The loss of electrolytes, essential for muscle and nerve function, can result from dehydration and drinking seawater due to its high salt content. Carry fresh drinking water to maintain hydration levels and prevent electrolyte imbalance when in open water.
Drowning and Panic Response
Drowning is a significant risk during ocean survival, often exacerbated by a panic response.
When fleeing danger or confronting unexpected situations in open water, your body’s instinct may be to gasp and hyperventilate, increasing the risk of inhaling water.
It’s vital to control your breath and stay calm. Techniques like the blow method, exhaling against pursed lips to create back pressure, can be crucial.
This technique helps maintain airway pressure and prevents water from entering your mouth and nose.
Immediate Survival Strategies
When you find yourself in open water, your immediate goal is to maintain buoyancy, conserve energy, and attract the attention of rescuers. Applying these strategies can drastically increase your survival odds.
Floating and Energy Conservation
Conserving energy is crucial to prolonging your survival in open water. You minimize exhaustion by floating on your back or using the dead man’s float. Keep your arms and legs still unless necessary to adjust for waves, and use slow, deliberate movements when you do.
Improvising Flotation Devices
If you don’t have a flotation device, you can use your clothes to create makeshift ones. Tying the ends of pants legs into knots and filling the pockets with air can provide a temporary lift.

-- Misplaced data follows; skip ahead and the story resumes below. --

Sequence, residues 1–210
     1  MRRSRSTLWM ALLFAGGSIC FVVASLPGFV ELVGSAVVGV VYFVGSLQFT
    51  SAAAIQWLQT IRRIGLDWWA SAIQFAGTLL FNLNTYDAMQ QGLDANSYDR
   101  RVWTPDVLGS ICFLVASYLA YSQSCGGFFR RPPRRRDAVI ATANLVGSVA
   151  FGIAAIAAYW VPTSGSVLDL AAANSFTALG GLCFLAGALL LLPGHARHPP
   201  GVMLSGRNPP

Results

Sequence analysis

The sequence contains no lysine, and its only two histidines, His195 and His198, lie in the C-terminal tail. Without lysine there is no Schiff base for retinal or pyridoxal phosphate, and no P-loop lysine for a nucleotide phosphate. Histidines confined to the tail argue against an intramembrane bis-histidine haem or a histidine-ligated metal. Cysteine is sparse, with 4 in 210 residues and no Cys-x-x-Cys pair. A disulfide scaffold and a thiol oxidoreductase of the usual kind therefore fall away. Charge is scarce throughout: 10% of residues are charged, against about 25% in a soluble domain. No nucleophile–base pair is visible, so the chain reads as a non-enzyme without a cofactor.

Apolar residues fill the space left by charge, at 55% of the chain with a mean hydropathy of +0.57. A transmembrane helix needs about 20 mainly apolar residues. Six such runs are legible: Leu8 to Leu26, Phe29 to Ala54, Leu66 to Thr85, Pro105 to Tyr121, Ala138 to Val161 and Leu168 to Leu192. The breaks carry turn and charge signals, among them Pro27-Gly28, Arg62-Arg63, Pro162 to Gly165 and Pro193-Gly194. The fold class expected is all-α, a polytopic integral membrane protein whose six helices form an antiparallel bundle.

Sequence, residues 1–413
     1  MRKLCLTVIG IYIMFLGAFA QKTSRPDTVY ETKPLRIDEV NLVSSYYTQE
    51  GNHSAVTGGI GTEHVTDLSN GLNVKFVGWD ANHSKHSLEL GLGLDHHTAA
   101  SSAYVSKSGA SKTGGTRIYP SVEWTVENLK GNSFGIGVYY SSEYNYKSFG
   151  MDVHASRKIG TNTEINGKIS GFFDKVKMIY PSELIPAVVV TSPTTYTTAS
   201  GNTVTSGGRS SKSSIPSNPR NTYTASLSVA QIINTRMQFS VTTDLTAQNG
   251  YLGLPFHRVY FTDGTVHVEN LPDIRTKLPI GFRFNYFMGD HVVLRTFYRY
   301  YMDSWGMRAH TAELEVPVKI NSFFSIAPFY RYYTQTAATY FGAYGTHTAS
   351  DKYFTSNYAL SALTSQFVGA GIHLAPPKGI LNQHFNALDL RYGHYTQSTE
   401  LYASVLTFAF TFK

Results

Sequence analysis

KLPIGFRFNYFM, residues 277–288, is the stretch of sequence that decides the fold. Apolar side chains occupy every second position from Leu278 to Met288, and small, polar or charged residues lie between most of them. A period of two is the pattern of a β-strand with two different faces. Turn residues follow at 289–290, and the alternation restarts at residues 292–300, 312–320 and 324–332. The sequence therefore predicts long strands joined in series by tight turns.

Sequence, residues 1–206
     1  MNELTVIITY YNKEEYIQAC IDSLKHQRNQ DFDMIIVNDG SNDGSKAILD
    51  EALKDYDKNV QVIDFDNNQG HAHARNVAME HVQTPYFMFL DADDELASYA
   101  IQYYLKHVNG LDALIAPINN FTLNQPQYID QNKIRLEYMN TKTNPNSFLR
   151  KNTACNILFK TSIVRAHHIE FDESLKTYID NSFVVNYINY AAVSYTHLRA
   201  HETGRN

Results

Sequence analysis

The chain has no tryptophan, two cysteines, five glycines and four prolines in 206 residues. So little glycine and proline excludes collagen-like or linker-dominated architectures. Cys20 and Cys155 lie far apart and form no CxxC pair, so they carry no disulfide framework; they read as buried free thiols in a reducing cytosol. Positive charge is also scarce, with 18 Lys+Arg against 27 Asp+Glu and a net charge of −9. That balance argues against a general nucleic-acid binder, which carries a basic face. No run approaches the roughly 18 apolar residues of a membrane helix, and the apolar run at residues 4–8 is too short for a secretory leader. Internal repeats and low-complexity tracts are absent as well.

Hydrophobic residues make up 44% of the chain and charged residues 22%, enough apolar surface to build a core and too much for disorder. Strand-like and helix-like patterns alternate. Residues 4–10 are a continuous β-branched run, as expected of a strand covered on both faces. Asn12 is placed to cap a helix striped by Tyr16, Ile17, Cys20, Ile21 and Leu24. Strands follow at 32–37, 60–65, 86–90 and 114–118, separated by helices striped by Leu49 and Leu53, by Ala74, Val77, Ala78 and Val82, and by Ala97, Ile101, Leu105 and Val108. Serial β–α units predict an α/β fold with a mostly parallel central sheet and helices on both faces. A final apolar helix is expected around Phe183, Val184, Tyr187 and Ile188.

Hold the waistband underwater after filling the legs with air, which will trap the air to create buoyancy. Similarly, a shirt can be used as a crude life jacket by buttoning it up, pulling it over the legs, and filling it with air.
Signaling for Rescue
For signaling, brightly colored clothes, reflective materials, or signaling mirrors can increase your visibility.
Flares are ideal but only if included in your survival equipment. If you have a whistle or a reflective surface, use it intermittently to catch the light and sound attention.
Remember to reserve your energy and use such devices when a plane or ship is in sight to maximize the chance of being seen.
Long-Term Survival Considerations
In open water, your longevity hinges on securing essential resources and shielding yourself from harsh environmental factors. With strategic methods, you can increase your chances of prolonged survival.
Finding Food and Water
Your first priority should be water, as you can only survive a few days without it due to dehydration.